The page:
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Postgraduate Education Corner: Contemporary Reviews in Critical Care Medicine |

Monitoring Tissue Perfusion, Oxygenation, and Metabolism in Critically Ill PatientsMonitoring Tissue Perfusion in the Critically Ill

Nasirul J. Ekbal, MBBS; Alex Dyson, PhD; Claire Black, MSc; Mervyn Singer, MD
Author and Funding Information

From the Bloomsbury Institute of Intensive Care Medicine, Division of Medicine, University College London, London, England.

Correspondence to: Prof Mervyn Singer, MD, Bloomsbury Institute of Intensive Care Medicine, University College London, Cruciform Bldg, Gower St, London, WC1E 6BT, England; e-mail: m.singer@ucl.ac.uk


Funding/Support: The authors work at University College London Hospitals/University College London, which receives a proportion of its funding from the UK Department of Health’s National Institute for Health Research Biomedical Research Centre’s funding scheme. Dr Ekbal is funded by the Medical Research Council and Claire Black by the UK National Institute for Health Research.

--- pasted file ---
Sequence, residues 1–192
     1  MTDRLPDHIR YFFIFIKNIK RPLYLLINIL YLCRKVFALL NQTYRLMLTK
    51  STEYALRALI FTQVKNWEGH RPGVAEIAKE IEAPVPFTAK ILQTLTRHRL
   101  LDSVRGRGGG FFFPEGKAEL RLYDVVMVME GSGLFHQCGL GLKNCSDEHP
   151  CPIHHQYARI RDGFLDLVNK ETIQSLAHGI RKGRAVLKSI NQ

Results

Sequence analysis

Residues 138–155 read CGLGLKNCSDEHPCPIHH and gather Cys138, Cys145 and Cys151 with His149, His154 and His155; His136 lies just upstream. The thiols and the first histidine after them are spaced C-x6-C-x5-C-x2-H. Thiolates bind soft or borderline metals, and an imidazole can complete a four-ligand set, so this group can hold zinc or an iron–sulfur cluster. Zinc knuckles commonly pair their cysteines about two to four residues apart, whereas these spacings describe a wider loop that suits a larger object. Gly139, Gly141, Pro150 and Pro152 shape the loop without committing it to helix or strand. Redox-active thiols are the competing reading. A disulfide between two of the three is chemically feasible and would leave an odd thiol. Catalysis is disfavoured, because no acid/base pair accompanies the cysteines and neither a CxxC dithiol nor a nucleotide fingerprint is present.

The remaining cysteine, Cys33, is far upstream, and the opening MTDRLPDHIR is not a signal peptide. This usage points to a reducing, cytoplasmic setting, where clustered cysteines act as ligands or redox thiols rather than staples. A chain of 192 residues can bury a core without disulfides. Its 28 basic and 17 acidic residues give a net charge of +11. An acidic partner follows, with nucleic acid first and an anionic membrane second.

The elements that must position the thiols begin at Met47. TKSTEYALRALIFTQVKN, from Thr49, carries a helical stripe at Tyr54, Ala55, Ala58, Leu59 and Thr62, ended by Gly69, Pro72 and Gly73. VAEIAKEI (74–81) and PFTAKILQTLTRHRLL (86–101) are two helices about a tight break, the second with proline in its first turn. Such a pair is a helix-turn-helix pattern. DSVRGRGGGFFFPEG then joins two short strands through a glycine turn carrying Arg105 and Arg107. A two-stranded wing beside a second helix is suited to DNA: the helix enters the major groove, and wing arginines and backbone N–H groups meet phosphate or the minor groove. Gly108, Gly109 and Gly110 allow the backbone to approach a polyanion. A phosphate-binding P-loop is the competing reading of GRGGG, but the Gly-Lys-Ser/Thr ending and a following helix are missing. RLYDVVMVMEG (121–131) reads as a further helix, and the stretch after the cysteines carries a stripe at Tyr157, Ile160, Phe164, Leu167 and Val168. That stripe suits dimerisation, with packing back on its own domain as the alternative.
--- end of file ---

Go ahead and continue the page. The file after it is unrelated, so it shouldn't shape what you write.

Reproduction of this article is prohibited without written permission from the American College of Chest Physicians. See online for more details.


Chest. 2013;143(6):1799-1808. doi:10.1378/chest.12-1849
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Alterations in oxygen transport and use are integral to the development of multiple organ failure; therefore, the ultimate goal of resuscitation is to restore effective tissue oxygenation and cellular metabolism. Hemodynamic monitoring is the cornerstone of management to promptly identify and appropriately manage (impending) organ dysfunction. Prospective randomized trials have confirmed outcome benefit when preemptive or early treatment is directed toward maintaining or restoring adequate tissue perfusion. However, treatment end points remain controversial, in large part because of current difficulties in determining what constitutes “optimal.” Information gained from global whole-body monitoring may not detect regional organ perfusion abnormalities until they are well advanced. Conversely, the ideal “canary” organ that is readily accessible for monitoring, yet offers an early and sensitive indicator of tissue “unwellness,” remains to be firmly identified. This review describes techniques available for real-time monitoring of tissue perfusion and metabolism and highlights novel developments that may complement or even supersede current tools.

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